Friday, May 29, 2020

Japan contains coronavirus without lockdown

Japan May Have Beaten Coronavirus Without Lockdowns or Mass Testing. But How? | TIME - Lisa Du & Grace Huang:

May 22, 2020 - "Japan’s state of emergency is set to end with new cases of the coronavirus dwindling to mere dozens. It got there despite largely ignoring the default playbook. No restrictions were placed on residents’ movements, and businesses from restaurants to hairdressers stayed open. No high-tech apps that tracked people’s movements were deployed. The country doesn’t have a center for disease control. And even as nations were exhorted to 'test, test, test,' Japan has tested just 0.2% of its population — one of the lowest rates among developed countries.

"Yet the curve has been flattened, with deaths well below 1,000, by far the fewest among the Group of Seven developed nations. In Tokyo, its dense center, cases have dropped to single digits on most days. While the possibility of a more severe second wave of infection is ever-present, Japan has entered and is set to leave its emergency in just weeks, with the status lifted already for most of the country and Tokyo and the remaining four other regions set to exit Monday.

"Analyzing just how Japan defied the odds and contained the virus while disregarding the playbook used by other successful countries has become a national conversation. Only one thing is agreed upon: that there was no silver bullet, no one factor that made the difference.... Experts consulted by Bloomberg News also suggested a myriad of factors that contributed to the outcome, and none could point to a singular policy package that could be replicated in other countries. Nonetheless, these measures still offer long-term lessons for countries in the middle of pandemic that may yet last for years.

"An early grassroots response to rising infections was crucial.... [E]xperts praise the role of Japan’s contact tracers, which swung into action after the first infections were found in January. The fast response was enabled by one of Japan’s inbuilt advantages — its public health centers, which in 2018 employed more than half of 50,000 public health nurses who are experienced in infection tracing. In normal times, these nurses would be tracking down more common infections such as influenza and tuberculosis. 'It’s very analog — it’s not an app-based system like Singapore,' said Kazuto Suzuki, a professor of public policy at Hokkaido University who has written about Japan’s response. 'But nevertheless, it has been very useful.'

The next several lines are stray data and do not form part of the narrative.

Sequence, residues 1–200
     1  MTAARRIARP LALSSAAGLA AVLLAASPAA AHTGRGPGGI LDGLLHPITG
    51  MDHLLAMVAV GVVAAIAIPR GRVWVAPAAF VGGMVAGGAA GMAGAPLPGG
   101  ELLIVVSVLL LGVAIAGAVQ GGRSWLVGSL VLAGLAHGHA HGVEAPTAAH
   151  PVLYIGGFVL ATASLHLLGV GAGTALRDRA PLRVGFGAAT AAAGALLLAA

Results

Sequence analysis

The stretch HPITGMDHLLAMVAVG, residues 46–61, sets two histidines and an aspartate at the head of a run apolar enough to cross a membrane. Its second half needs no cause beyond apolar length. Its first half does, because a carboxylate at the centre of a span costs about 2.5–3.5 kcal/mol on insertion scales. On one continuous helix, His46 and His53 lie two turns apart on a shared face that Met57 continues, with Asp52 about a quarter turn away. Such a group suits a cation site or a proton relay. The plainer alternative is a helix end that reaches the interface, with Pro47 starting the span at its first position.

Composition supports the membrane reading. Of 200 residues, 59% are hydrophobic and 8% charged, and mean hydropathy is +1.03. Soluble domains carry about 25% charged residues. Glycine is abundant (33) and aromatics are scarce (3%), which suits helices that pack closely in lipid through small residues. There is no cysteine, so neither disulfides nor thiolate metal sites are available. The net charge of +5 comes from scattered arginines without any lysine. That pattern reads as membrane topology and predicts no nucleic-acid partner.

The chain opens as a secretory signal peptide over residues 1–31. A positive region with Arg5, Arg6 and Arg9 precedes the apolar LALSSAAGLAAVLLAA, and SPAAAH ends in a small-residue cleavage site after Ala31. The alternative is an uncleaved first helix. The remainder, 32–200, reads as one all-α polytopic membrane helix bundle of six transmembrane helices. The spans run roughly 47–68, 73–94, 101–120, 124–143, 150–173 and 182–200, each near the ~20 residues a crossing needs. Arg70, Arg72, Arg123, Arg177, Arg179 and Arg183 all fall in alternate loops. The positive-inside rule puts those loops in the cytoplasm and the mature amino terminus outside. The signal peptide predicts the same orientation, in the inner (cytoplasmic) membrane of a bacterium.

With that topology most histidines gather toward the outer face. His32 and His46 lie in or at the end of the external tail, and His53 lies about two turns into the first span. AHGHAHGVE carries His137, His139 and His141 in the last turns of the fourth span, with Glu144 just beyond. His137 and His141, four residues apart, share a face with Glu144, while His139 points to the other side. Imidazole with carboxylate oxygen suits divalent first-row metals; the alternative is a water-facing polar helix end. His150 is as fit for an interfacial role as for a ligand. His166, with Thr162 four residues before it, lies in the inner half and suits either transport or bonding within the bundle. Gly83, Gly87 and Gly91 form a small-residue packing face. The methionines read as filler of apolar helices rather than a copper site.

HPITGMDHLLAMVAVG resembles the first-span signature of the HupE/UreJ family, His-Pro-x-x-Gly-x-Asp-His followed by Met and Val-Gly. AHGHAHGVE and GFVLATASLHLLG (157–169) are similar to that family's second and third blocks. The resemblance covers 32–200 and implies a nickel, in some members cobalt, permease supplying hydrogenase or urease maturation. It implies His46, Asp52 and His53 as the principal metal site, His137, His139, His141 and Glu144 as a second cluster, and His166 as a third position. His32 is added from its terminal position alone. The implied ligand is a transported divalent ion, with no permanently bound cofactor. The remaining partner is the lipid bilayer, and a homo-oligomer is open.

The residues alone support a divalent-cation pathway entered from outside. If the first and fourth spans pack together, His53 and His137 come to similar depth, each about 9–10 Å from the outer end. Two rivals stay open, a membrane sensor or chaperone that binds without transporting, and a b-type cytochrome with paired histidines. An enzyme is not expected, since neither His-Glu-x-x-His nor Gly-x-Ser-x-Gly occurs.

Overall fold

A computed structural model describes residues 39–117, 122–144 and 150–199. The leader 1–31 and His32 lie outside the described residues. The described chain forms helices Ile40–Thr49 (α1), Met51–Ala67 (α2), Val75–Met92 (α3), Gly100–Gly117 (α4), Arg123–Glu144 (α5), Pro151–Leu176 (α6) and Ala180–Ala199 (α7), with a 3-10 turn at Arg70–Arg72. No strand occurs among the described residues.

"While countries such as the U.S. and the U.K. are just beginning to hire and train contact tracers as they attempt to reopen their economies, Japan has been tracking the movement of the disease since the first handful of cases were found. These local experts focused on tackling so-called clusters, or groups of infections from a single location such as clubs or hospitals, to contain cases before they got out of control....

"The early response was also boosted by an unlikely happening. Japan’s battle with the virus first came to mainstream international attention with its much-criticized response to the Diamond Princess cruise ship in February that led to hundreds of infections.... Still, the experience of the ship is credited with providing Japanese experts with invaluable data early in the crisis on how the virus spread, as well as catapulting it into the public consciousness....

"Experts are also credited with creating an easy-to-understand message of avoiding what are called the 'Three C’s' — closed spaces, crowded spaces and close-contact settings — rather than keeping away from others entirely.... “Social distancing may work, but it doesn’t really help to continue normal social life,' said Hokkaido University’s Suzuki. 'The "Three C’s" are a much more pragmatic approach and very effective, while having a similar effect'....

"Even with the the state of emergency about to end, authorities are warning that life will not return to normal.... If a deadlier second wave does follow, the risk factor in Japan, which has the world’s oldest population, remains high. The country has speedily approved Gilead Sciences Inc.’s remdesivir and is now scrambling to allow the use of still unproven Fujifilm Holdings Corp.’s antiviral Avigan.... Officials have begun to speak of a phase in which people 'live with the virus,' with a recognition that Japan’s approach has no possibility of wiping out the pathogen."

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